FTC — Claims Xiaomi Conducting Unauthorized Wireless Access

  • According to the complaint, Xiaomi Corp was involved in selling phones that circumvented the Federal Trade Commission's ban on cellular phone spying devices.
  • U.S. Attorneys' office accuses Xiaomi Corp of involvement in "conducting unauthorized access to wireless communications systems without authorization."
  • Before this latest development, Xiaomi Corp had already been sanctioned once by the U.S. government.

Xiaomi Corp, the third-largest mobile phone maker in the U.S., has filed a case against the United States. Xiaomi hopes that the court must force the US government to reverse the blacklist. The case names Defense Secretary Lloyd Austin and Treasury Secretary Janet Yellen. as claimants.

Xiomi mobile phone

President Joe Biden, who only assumed office on 20 January, promoted Austin and Yellen to their new role, neither one of the two has their current position when the blacklist was released by the Trump administration.

Recently, Xiaomi Corp., a Chinese electronics company was slapped by the United States for its connection to the Android mobile operating system.

According to the complaint, Xiaomi Corp was involved in selling phones that circumvented the Federal Trade Commission’s ban on cellular phone spying devices. The investigation found that Xiaomi Corp conducted research and development of its own software that circumvented the ban.

“Xiaomi faces imminent, severe, and irreparable harm if the designation remains in place and the restrictions take effect,” the company said in the filing in the U.S. district court of Columbia.

This act brought forth a host of lawsuits from the U.S. Attorneys’ offices. One of which is accusing Xiaomi Corp of involvement in “conducting unauthorized access to wireless communications systems without authorization.” Xiaomi Corp was also accused of giving out pirated copies of its mobile operating system to its customers and suppliers.

“Xiaomi is not owned or controlled or otherwise affiliated with the Chinese government or military, nor is it owned or controlled by any entity affiliated with the Chinese defense industrial base,” the smartphone maker said in the filing.

Another case involves a customer buying a phone and then paying for anti-spyware tools that were fake. The anti-spyware program did not detect any spyware on the phone, but the software company sent the phone back to the store claiming that the phone infringed their patents. The judge ordered Xiaomi Corp. to pay damages to this customer and also banned the company from selling its phones in the U.S.

Xiaomi Corporation is a Chinese multinational electronics company founded in April 2010 and headquartered in Beijing. Xiaomi makes and invests in smartphones, mobile apps, laptops, home appliances, bags, shoes, consumer electronics, and many other products.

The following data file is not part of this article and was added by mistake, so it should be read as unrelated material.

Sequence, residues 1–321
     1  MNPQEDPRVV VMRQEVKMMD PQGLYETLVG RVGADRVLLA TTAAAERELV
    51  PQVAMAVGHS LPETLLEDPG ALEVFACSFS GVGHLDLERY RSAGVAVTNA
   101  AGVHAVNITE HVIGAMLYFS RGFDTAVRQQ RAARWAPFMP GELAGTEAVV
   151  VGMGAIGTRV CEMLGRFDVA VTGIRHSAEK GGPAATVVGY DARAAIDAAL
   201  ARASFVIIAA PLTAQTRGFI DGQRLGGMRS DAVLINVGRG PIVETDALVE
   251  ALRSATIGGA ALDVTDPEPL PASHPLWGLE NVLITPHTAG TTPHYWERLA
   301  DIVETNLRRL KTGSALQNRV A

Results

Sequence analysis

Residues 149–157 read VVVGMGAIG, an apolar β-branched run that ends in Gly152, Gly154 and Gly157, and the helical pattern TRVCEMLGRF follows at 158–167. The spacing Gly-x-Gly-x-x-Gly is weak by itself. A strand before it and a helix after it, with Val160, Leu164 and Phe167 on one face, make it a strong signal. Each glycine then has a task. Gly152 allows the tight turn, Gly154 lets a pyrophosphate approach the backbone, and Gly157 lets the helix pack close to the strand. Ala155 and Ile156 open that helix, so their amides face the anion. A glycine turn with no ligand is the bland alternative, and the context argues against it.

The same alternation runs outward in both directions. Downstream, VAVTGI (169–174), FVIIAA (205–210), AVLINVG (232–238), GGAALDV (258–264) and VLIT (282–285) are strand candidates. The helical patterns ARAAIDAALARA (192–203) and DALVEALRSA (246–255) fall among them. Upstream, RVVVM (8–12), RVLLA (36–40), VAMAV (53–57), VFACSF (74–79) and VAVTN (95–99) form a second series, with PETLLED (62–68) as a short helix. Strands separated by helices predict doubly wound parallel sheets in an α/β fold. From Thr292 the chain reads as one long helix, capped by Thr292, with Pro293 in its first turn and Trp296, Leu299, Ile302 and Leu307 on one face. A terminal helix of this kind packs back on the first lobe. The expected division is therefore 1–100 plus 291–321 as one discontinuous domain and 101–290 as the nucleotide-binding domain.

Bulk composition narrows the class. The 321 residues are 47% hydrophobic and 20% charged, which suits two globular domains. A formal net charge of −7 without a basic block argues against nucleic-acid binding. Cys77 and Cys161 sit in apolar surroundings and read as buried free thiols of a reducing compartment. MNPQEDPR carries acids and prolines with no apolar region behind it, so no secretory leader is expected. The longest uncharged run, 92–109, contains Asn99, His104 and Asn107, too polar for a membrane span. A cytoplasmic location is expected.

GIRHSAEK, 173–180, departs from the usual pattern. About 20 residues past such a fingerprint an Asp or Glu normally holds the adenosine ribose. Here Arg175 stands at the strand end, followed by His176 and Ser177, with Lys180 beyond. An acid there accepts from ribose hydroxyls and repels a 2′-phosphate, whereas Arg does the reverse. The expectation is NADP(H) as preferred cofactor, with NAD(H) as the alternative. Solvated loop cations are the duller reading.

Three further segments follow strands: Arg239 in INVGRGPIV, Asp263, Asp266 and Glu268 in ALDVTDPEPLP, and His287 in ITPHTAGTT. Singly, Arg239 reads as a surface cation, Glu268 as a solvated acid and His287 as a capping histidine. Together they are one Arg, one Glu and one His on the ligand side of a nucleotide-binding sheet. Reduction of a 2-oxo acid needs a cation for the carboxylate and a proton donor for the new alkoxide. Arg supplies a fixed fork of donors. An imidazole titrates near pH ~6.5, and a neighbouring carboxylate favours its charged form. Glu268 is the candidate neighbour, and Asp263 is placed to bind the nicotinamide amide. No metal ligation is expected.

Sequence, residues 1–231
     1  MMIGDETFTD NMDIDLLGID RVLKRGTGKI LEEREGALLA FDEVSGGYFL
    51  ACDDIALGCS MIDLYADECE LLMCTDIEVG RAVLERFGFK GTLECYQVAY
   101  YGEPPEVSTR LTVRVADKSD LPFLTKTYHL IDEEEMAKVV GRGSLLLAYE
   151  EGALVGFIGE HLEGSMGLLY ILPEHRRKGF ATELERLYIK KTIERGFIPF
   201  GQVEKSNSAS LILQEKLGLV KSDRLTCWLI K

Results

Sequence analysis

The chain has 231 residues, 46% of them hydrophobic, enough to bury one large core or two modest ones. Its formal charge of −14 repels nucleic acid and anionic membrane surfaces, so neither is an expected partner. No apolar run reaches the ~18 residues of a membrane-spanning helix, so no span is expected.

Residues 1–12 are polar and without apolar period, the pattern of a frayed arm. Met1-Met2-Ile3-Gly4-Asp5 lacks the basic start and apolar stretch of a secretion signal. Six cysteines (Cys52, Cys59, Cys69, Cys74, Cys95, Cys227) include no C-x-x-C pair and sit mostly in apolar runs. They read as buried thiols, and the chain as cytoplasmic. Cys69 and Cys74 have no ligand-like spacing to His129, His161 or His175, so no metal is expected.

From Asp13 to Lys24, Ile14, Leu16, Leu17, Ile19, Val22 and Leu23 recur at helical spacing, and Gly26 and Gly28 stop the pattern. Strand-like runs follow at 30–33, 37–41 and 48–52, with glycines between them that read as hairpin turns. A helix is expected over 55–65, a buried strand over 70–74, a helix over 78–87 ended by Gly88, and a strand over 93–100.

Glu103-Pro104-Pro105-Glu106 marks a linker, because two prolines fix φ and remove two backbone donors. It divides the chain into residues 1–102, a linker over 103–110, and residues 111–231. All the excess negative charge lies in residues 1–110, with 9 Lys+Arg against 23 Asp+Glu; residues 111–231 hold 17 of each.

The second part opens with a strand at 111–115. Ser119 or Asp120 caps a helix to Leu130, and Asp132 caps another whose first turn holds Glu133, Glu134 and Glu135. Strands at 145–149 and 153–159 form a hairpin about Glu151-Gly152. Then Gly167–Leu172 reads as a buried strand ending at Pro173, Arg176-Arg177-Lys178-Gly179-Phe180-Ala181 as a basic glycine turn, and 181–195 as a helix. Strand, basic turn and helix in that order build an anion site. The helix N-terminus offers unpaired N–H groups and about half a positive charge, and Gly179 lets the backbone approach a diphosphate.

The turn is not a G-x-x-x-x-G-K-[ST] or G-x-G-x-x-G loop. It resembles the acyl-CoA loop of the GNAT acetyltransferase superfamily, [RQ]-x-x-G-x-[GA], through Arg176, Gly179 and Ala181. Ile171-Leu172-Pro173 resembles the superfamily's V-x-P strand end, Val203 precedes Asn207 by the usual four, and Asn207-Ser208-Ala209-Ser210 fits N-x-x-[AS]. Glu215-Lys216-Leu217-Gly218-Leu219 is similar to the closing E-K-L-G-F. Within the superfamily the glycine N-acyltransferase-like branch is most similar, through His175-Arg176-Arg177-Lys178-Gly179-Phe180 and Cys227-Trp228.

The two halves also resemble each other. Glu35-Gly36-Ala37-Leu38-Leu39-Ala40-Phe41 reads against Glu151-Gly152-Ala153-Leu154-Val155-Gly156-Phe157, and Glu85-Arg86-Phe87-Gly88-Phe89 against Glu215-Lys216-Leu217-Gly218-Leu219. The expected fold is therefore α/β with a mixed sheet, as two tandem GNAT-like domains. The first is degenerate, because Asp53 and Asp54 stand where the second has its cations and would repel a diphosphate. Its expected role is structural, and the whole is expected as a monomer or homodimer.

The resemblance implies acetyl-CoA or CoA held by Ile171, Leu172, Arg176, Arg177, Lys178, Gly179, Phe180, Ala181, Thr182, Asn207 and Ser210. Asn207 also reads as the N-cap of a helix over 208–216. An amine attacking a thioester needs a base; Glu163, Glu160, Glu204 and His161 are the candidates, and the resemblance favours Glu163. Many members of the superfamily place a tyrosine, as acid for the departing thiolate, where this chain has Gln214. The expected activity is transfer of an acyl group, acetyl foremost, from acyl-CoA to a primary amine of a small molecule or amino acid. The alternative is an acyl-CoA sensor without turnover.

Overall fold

The Chinese company has denied all charges. However, a letter from the U.S. Defense and Treasury departments stated that the Commerce Department is not convinced that the anti-spyware programs were necessarily designed to detect and remove vulnerabilities that would allow access to classified information or otherwise compromise sensitive personal data.

The company was given a chance to clear up their mistakes, which they did. The Defense and Treasury department did not state publicly whether or not the complaints will be pursued.

Before this latest development, Xiaomi Corp had already been sanctioned once by the U.S. government. In June 2020, Xiaomi was ordered to stop manufacturing devices that could help to carry out crimes. The company has been heavily fined for this violation.

It is unclear what the government was thinking when they punished Xiaomi; it is highly likely that the company was in some form of trouble due to its ties with Chinese organized crime figures.

Chinese organized crime figures have ties with technology companies that make high-tech equipment. It is known that these Chinese organized criminals are stealing intellectual property. Should the Chinese company be allowed to market products that assist these criminals? This is definitely a serious issue that needs to be looked into.

Xiaomi Corp is hardly alone in this fight. Many other companies that use the Chinese labor force to work in America have also been in the cross-fire. This all comes back to the question of free-market capitalism, and the ability of the government to protect its citizens from bad guys who want to take advantage of free markets.

Doris Mkwaya

I am a journalist, with more than 12 years of experience as a reporter, author, editor, and journalism lecturer." I've worked as a reporter, editor and journalism lecturer, and am very enthusiastic about bringing what I've learned to this site.  

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